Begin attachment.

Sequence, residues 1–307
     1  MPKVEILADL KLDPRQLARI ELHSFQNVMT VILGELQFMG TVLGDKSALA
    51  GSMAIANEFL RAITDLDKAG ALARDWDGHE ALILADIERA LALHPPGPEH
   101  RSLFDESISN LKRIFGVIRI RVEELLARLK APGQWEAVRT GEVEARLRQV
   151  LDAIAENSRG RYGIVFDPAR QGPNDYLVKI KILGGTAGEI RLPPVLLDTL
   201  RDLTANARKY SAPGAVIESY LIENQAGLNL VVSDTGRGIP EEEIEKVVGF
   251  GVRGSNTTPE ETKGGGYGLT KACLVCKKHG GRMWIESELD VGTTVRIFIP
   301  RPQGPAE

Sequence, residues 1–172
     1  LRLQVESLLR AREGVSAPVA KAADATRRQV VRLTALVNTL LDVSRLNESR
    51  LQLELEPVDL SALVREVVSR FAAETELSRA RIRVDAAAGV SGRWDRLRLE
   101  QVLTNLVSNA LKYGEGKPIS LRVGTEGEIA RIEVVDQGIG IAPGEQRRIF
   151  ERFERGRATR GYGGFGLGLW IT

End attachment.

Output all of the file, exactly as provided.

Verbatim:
Sequence, residues 1–307
     1  MPKVEILADL KLDPRQLARI ELHSFQNVMT VILGELQFMG TVLGDKSALA
    51  GSMAIANEFL RAITDLDKAG ALARDWDGHE ALILADIERA LALHPPGPEH
   101  RSLFDESISN LKRIFGVIRI RVEELLARLK APGQWEAVRT GEVEARLRQV
   151  LDAIAENSRG RYGIVFDPAR QGPNDYLVKI KILGGTAGEI RLPPVLLDTL
   201  RDLTANARKY SAPGAVIESY LIENQAGLNL VVSDTGRGIP EEEIEKVVGF
   251  GVRGSNTTPE ETKGGGYGLT KACLVCKKHG GRMWIESELD VGTTVRIFIP
   301  RPQGPAE

Sequence, residues 1–172
     1  LRLQVESLLR AREGVSAPVA KAADATRRQV VRLTALVNTL LDVSRLNESR
    51  LQLELEPVDL SALVREVVSR FAAETELSRA RIRVDAAAGV SGRWDRLRLE
   101  QVLTNLVSNA LKYGEGKPIS LRVGTEGEIA RIEVVDQGIG IAPGEQRRIF
   151  ERFERGRATR GYGGFGLGLW IT